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Syria after ISIS: U.S. on 'collision course' with Iran and Russia

Hassan Ammar / AP

The U.S. is on a "collision course" with Iran and Russia in a key territory of Syria once the battle to root ISIS out of its de-facto capital, Raqqa, is complete, per Anne Barnard of the NY Times.

What we're watching: The competition to control Syrian territory post-ISIS. The province in question, Deir al-Zour, boasts oil reserves and could serve as a land bridge to connect Iran to Syria, and eventually neighboring Lebanon, Hezbollah's base. Russia just announced it will treat U.S. planes west of the Euphrates as targets, signaling it's ready to stand with the regime against the U.S. after weeks of encouraging both to avoid clashing.

  • See Axios' Lazaro Gamio's map of the conflict over time here.

Why it matters: Uprooting ISIS amid the civil war could lead to a power vacuum, and if the U.S. goes on the offensive it risks a full on confrontation with Iran — and maybe Russia and the Syrian regime — and potentially risks sparking tensions with Iraq, Qatar, and Yemen.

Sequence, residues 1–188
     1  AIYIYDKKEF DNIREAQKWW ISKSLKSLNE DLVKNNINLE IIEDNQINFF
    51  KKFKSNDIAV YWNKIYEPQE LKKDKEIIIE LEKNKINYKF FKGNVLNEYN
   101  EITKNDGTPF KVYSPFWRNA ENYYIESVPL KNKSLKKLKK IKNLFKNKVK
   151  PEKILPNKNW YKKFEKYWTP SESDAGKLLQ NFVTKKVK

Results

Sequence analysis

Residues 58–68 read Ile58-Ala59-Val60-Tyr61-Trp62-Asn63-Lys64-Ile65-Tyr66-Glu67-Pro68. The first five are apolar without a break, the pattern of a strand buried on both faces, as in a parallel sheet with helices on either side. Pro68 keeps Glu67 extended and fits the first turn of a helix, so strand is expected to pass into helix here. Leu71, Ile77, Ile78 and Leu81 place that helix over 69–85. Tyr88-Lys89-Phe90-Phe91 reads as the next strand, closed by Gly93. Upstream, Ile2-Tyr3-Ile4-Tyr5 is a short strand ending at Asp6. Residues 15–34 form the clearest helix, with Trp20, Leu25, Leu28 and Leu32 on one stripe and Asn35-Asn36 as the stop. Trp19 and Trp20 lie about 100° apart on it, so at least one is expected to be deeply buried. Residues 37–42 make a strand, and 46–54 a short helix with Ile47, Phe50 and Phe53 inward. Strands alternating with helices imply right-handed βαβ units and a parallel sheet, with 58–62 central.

The eastern region is already heating up:

  • In the last few weeks the U.S. has had four direct confrontations with pro-Assad forces in eastern Syria.
  • In all three instances decisions were made by commanders in the field, indicating a lack of overarching strategic direction from D.C., per Ilan Goldenberg: "We might end up in a war with Iran with no decision taken by Trump/Mattis/Tillerson/McMaster." Foreign Policy and Just Security describe the White House and the Pentagon as fighting over strategy, leading to a current deadlock.
  • Iran and the U.S. are both bolstering forces in the area. Last Wednesday the U.S. announced it is sending a mobile missile launcher to eastern Syria, and Iran launched an attack against ISIS in Deir al-Zour over the weekend, the first time it has fired missiles into another country in three decades.
  • The U.S. shot down a Syrian fighter jet this weekend, the first time since the start of the civil war the U.S. has engaged in air-to-air combat with Syrian forces (although in a different province).
  • Boiling this down: These actions show an increasing willingness from both pro-regime and regime forces to engage in hostile acts despite U.S. warnings to stay away, and the administration's willingness to deliberately bomb pro-regime forces, breaking from usual behavior in the region.

The Pentagon told Axios "the Coalition is not seeking to claim land or conquer territory...does not seek to fight the Syrian regime, Russian or pro-regime forces...but is well prepared to defend itself from hostile threats."